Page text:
-- Gordie
 
Mar 18, 2006 at 3:37 AM Post #9 of 14

pspivak

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Quote:

Originally Posted by ElectroJunkie
In addittion to the 650 I have listened to Grado 225, AKG 240 as well as most of the highend universal IEMs. The Stax blew all of that out of the water IMHO. It might just be that ecletrostats are the right sound signature for me
confused.gif



Yeah, get the SIGNATURES. If you get the 303's you will wonder why you didn't spring for another C note and if you are missing something.
lambda.gif
 
Mar 18, 2006 at 3:44 AM Post #10 of 14

akwok

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You can change the voltage through fuses inside the amp.
 
Mar 18, 2006 at 5:43 AM Post #12 of 14

ElectroJunkie

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Just curious, did you get your Stax system from an American dealer, with 115 V unit or from somewhere else. Also des the plasit frame of the headphone ever bother you. I noticed if I move around a lot they would creek a bit.
Thanks
 
Mar 18, 2006 at 6:26 AM Post #13 of 14

Carl

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I'm another who prefers electrostatics to dynamics, although they aren't universally better.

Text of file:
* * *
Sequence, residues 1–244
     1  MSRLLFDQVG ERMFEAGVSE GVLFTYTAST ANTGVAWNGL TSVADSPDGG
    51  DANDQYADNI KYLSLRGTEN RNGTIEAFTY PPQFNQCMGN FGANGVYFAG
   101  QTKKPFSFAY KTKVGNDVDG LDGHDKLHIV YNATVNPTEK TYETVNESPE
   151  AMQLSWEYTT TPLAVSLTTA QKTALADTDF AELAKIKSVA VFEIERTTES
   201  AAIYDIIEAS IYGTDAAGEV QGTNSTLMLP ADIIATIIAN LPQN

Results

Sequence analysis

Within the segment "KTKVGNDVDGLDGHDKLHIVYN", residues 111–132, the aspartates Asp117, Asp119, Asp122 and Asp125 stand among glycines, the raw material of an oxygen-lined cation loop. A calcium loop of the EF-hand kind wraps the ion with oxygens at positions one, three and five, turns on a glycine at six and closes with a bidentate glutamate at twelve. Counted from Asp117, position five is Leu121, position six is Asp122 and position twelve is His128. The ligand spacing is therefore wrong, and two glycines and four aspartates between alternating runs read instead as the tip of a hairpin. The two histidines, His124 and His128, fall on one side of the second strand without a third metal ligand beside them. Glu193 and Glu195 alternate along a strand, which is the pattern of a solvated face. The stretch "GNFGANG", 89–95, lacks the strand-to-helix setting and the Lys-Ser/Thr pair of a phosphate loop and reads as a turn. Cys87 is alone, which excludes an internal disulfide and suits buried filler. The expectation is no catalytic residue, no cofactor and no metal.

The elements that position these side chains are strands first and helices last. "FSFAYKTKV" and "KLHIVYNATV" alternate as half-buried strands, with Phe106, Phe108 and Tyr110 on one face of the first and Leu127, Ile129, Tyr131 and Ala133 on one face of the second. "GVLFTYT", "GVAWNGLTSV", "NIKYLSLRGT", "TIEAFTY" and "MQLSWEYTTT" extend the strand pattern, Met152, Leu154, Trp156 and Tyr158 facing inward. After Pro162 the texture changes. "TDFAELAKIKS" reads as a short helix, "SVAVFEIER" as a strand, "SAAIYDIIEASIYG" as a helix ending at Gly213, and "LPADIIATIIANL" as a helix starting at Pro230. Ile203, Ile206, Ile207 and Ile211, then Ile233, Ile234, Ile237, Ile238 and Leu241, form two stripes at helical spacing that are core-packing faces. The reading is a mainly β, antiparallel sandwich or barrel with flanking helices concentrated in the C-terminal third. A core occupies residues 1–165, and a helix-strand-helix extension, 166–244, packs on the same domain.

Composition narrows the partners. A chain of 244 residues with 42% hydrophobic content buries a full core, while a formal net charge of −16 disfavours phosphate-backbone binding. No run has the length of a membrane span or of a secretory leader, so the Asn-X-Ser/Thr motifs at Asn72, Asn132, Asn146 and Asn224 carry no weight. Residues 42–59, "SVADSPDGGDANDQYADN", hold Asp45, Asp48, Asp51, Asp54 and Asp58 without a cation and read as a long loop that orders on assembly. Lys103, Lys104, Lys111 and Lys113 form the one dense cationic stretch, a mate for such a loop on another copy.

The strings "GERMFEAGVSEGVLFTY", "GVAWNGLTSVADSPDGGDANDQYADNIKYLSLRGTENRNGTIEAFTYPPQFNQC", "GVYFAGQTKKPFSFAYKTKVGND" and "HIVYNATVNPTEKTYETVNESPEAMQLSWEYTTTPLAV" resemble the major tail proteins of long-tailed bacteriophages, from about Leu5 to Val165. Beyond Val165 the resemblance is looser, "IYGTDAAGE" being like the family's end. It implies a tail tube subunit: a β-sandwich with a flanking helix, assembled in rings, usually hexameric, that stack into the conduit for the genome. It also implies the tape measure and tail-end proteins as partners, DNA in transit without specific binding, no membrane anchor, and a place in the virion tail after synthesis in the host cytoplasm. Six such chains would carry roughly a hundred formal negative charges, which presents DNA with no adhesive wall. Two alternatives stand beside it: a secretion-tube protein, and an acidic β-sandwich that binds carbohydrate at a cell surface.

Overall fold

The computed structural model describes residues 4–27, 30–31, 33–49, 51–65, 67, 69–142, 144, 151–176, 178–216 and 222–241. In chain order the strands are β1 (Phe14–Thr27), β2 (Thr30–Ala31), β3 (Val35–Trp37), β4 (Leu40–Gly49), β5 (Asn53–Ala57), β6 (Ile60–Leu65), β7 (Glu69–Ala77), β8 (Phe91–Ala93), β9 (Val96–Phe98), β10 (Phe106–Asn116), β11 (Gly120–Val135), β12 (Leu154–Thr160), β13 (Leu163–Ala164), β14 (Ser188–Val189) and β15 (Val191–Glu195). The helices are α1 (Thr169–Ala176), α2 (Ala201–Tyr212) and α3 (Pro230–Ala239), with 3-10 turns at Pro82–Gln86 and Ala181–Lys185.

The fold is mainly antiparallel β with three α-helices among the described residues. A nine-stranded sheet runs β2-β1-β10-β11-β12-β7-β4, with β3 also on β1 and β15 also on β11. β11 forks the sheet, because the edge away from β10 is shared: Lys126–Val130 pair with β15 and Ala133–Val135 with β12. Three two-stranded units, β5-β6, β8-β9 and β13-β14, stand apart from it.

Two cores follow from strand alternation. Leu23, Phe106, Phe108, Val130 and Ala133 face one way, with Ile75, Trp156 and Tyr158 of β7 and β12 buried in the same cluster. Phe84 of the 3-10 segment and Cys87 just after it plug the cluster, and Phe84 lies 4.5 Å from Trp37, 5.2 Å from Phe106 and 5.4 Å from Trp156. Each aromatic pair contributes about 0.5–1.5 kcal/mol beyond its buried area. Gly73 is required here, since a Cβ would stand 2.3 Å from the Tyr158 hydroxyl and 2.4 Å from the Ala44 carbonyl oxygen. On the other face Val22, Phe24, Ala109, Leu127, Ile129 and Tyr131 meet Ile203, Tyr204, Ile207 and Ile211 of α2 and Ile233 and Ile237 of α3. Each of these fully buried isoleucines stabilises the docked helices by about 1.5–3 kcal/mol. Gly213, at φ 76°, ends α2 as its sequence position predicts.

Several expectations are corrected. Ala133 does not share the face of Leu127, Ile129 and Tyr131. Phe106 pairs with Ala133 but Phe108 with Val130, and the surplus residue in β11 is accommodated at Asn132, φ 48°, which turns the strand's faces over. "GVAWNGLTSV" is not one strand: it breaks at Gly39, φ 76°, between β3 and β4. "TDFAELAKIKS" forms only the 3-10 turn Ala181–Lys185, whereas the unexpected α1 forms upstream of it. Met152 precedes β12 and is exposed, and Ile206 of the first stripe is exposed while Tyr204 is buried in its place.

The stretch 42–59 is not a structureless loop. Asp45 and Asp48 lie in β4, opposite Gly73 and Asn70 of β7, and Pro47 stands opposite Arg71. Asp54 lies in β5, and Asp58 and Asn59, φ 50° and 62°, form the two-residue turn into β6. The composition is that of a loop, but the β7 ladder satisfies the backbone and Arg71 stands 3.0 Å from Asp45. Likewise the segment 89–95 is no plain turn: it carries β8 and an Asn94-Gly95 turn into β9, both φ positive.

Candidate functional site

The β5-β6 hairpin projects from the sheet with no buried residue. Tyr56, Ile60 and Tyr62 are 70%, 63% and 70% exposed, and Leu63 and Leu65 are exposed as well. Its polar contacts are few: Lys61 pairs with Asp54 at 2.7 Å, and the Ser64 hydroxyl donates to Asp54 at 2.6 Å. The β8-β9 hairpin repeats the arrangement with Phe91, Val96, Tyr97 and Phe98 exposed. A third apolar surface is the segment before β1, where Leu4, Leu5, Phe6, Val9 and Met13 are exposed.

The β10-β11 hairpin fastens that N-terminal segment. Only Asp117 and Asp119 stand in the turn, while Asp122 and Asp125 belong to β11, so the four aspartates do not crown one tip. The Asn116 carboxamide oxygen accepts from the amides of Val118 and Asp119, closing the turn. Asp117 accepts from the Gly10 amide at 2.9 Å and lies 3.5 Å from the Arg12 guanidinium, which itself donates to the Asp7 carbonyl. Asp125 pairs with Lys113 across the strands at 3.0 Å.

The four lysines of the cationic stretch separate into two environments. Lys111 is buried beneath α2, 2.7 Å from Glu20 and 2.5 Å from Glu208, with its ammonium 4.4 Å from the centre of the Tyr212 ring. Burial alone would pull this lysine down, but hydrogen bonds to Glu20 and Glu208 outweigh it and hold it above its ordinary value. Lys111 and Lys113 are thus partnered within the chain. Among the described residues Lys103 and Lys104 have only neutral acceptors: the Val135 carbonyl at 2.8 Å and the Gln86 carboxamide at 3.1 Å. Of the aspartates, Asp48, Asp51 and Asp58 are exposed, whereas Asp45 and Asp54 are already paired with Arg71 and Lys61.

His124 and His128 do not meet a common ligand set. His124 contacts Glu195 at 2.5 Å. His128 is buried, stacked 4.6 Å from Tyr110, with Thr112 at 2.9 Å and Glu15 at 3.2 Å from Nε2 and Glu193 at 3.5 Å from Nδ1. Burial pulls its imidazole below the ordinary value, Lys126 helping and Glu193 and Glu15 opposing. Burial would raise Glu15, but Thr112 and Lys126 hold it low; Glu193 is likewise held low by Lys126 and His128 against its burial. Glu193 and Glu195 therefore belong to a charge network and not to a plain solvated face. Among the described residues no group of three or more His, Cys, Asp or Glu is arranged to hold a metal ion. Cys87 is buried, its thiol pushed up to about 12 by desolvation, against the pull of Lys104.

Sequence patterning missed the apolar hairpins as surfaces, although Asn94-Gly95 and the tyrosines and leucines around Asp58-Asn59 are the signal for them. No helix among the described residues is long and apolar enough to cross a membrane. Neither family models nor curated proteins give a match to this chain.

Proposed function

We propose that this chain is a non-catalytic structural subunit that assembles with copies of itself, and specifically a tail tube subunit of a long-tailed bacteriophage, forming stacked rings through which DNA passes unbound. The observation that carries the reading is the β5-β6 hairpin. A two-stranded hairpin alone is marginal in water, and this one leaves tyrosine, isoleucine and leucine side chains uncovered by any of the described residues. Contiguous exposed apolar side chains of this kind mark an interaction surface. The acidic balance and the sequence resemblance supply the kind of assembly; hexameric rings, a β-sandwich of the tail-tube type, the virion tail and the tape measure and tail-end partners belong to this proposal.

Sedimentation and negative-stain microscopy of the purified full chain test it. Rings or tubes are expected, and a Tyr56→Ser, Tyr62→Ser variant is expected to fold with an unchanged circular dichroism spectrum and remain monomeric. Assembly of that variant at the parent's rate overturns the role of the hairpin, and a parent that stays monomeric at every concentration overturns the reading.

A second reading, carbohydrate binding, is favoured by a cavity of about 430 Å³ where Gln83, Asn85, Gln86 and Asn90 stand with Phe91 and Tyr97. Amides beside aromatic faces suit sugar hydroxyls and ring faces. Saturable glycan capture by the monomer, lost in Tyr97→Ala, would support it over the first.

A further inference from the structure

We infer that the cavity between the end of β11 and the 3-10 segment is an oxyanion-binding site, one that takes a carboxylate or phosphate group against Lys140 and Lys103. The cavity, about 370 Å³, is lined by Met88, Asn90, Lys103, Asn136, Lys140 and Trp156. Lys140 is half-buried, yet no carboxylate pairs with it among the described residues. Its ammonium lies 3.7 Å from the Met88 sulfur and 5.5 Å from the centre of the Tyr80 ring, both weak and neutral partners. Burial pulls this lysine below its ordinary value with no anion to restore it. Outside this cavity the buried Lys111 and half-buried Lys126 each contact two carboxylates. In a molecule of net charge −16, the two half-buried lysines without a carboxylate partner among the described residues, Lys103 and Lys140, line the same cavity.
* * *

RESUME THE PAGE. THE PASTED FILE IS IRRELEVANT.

Lambda's have to be intergrated into a system with care to sound their best. Of course, you can always sell the included amp and buy something else like a SRM-006tA or McAlister electrostatic amp at a latter date.
 
Mar 18, 2006 at 7:33 AM Post #14 of 14

smeggy

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Quote:

Originally Posted by ElectroJunkie
Just curious, did you get your Stax system from an American dealer, with 115 V unit or from somewhere else. Also des the plasit frame of the headphone ever bother you. I noticed if I move around a lot they would creek a bit.
Thanks



I got mine from a fellow Head-Fi guy. I have worn, twisted and jiggled mine and cannot get them to squeak, creek or anything else. Perfectly silent in use.